“If you love it, find a way to make it happen,” Rebecca said, “You don’t want to wonder your whole life.”
Based in Sydney and touring in musical theatre shows across the country, Rebecca makes time to pop in to Flinders whenever she visits her family home in Buderim. Her sister is in her final year at Flinders.
Rebecca was recently on the Sunshine Coast to perform the musical piece, 91 Story Treehouse, adapted from the book by Andy Griffiths and Terry Denton. The show has been postponed due to Coronavirus concerns.
Rebecca graduated last year with a Bachelor of Musical Theatre from the Griffith University Queensland Conservatorium.
She promptly secured an acting agent, despite having laryngitis for the first two weeks of her three-week pitching tour.
“I completely lost my voice and was unable to sing my 30-second pitch for a talent agent,” Rebecca said. “I was obviously devastated at first but as luck would have it, when I was able to sing at the end of the tour my agent heard me and signed me straight away,” she said.
“A career in The Arts certainly teaches you about life and how to be resilient – for every ‘yes” there are often at least 20 ‘no’s’ but you just have to keep working, regardless of the outcome.”
Over the years, Rebecca has secured many professional roles in touring shows across Australia. Her recent shows include the Broadway hit, Sweet Charity, and the classic, Little Women, where she secured the lead role of Jo March, her favourite role yet.
She has also played lead roles in much-loved musicals, The Wizard of Oz, Oliver Twist and Grease.
Rebecca recalls her years at Flinders with great fondness.
“My favourite school memories come from our Flinders Drama Department,” Rebecca said.
“School productions were always a highlight. I loved being a part of such large productions that involved so many students, staff and departments,” she said.
“And now I realise that the musical talent we were able to work with in the orchestra is something we took for granted; there aren’t many school productions that have students with such incredible orchestral talent as our shows had.
“The community created at Flinders was such an honour to be a part of and I’ve gained so many life-long friends from those school shows.”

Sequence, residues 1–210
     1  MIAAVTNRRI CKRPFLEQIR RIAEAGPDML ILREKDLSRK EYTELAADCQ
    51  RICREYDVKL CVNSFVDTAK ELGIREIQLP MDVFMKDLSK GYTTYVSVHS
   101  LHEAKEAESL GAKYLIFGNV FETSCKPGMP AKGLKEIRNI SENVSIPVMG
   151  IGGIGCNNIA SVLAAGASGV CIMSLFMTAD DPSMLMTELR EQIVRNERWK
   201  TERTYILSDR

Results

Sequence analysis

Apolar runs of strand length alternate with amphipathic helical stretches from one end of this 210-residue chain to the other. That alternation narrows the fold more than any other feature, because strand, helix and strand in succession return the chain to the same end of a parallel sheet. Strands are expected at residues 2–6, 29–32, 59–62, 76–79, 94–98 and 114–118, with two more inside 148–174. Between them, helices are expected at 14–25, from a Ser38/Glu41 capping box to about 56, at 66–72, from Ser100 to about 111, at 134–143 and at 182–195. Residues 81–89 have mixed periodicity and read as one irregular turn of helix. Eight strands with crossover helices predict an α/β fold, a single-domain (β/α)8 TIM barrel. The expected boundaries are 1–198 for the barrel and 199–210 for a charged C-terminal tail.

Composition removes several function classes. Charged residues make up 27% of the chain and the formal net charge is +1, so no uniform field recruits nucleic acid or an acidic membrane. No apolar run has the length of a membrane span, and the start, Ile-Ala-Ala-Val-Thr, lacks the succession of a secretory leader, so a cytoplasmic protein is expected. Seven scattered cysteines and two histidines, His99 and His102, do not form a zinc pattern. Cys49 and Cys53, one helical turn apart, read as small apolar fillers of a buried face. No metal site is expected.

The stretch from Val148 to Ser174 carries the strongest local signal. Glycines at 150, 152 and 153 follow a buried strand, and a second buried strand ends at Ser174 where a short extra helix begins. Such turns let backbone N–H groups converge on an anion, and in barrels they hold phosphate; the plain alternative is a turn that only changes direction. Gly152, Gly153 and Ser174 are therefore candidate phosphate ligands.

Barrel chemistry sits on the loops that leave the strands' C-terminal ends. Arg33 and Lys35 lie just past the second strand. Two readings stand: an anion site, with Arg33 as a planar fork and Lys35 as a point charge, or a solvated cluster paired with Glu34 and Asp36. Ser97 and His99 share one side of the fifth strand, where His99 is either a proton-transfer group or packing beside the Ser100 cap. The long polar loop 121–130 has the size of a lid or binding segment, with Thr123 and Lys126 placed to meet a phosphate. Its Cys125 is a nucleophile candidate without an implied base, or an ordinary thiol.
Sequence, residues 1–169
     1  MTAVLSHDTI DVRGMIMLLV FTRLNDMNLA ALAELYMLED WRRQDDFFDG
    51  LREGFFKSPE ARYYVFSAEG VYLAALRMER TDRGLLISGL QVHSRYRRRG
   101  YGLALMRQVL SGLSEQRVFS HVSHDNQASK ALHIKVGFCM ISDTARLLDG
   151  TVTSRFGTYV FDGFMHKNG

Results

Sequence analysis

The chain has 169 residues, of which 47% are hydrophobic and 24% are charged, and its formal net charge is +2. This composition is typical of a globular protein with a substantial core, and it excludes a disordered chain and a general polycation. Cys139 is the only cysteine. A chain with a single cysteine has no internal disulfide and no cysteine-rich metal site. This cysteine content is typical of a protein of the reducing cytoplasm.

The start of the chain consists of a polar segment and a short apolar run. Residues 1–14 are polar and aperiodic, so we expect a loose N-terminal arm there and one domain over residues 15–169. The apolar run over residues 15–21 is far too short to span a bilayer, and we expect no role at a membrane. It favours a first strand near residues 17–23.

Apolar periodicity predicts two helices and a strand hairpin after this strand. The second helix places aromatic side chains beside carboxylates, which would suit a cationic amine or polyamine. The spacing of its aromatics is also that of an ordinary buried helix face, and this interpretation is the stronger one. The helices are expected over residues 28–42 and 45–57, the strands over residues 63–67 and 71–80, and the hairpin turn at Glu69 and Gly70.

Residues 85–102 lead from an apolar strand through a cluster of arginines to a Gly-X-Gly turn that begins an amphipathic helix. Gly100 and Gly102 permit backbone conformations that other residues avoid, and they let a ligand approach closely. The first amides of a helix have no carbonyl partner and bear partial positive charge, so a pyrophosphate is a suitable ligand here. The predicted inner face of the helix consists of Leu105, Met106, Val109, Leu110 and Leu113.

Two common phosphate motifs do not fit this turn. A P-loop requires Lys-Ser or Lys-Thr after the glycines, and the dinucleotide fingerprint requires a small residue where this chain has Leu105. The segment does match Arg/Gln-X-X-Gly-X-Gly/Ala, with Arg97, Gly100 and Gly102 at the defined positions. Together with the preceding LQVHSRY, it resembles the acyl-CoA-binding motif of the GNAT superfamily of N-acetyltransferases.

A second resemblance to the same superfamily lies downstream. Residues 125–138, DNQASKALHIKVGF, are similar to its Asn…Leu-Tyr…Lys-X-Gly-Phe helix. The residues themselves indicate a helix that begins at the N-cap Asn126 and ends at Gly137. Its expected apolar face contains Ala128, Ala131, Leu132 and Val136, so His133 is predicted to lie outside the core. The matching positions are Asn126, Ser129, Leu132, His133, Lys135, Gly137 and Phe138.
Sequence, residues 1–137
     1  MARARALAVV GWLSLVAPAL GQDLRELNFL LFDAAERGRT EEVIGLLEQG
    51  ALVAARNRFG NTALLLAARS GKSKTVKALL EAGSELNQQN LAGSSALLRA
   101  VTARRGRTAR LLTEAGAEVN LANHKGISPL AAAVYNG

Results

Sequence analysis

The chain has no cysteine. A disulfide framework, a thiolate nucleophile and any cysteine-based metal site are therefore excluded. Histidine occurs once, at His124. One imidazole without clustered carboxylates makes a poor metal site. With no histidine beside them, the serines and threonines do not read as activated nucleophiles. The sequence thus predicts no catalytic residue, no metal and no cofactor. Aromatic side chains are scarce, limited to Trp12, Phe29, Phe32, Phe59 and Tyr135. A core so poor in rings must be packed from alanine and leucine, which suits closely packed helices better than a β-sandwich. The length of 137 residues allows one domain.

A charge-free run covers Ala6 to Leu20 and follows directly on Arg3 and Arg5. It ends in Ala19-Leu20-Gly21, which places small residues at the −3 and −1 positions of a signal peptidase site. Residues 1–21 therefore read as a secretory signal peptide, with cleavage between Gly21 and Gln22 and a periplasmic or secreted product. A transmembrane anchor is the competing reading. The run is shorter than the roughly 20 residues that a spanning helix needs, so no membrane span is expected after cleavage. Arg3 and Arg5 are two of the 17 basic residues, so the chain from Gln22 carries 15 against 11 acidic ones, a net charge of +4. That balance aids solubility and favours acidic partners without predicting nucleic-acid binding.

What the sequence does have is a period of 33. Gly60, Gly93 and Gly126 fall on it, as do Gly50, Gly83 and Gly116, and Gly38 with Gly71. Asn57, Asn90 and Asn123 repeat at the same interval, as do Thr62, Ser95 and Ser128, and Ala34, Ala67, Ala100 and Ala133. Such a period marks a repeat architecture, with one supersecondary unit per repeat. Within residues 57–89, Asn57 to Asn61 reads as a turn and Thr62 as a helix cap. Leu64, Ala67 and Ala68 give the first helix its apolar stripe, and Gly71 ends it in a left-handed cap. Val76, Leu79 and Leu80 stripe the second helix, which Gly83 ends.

She says her confidence to be on stage comes from a lifetime of singing, dancing and acting, just for fun.
“My family moved all over the world when I was young for my dad’s work, so I would join music and dancing classes at each school because they were easier to spontaneously join than, say, a sport.”
Rebecca admits that the world-class performance facilities at Flinders helped her build confidence. “The Flinders Performance Centre changed my life,” she says.
“I heard it was being built when I arrived at the College in Year 7, and it was ready the following year.
“The venue gave me invaluable experience rehearsing and performing on stage in a 600-seat theatre, with professional lights, microphones and tech support.
“It felt real when I stood on stage. It prepared me for how my performing career was going to feel.
“In fact, my first professional show was at the Seymour Centre in Sydney and that venue is almost the same set-up as our Performance Centre.
“When I stood on that stage I felt like I had already been there. It was such a confidence boost.”
Rebecca’s advice for creative arts students is to invest in your craft.
“Don’t be afraid to follow your dreams.
“If I have learnt anything from my years at Matthew Flinders Anglican College, it’s that there’s always going to be someone who’s got your back, whether that is a peer, a staff member or a Head of Department.
“Soak up what time you’ve got at school as we don’t realise what a supportive community we have at Flinders and without that support I don’t think I would have had the confidence to follow my dreams.”
Rebecca says her experience at the Queensland Conservatorium was incredible because she was surrounded by others who were also dedicated to a career on stage.
“The three-year degree is a journey, full of passion and hard work,” she said. “At the beginning, you are thrown into the unknown at the deep end but by the end, you feel ready to jump in and build your career.”
While most people shudder at the thought of commanding the stage and entertaining a crowd of people, Rebecca says the performing aspect of her career is the highlight.
“What most people don’t realise is that when you are on stage, the lights are so bright in your eyes that the actors on stage can only see the front row of people.
“The rest of the audience is a bright blur so, as actors, we are able to get swept up in our characters and in the moment.
“I have no nerves when I’m on stage because that is what I have been training to do.
“I delve into other people’s lives, I enjoy the costumes, the make-up, learning the lines…all of it!
“Performing is the fun bit. It is such a thrill to pretend to be someone else and to entertain people.
“The rush is when you can feel 400 or 2,000 people who are there in the moment with your character and interpretation.”
Rebecca has no regrets for choosing a career in acting, rather than her second love of graphic design.
“What I’m most grateful for is that the teachers at Flinders helped prepare me and support me in both fields so I felt that I could achieve, no matter the career I chose.”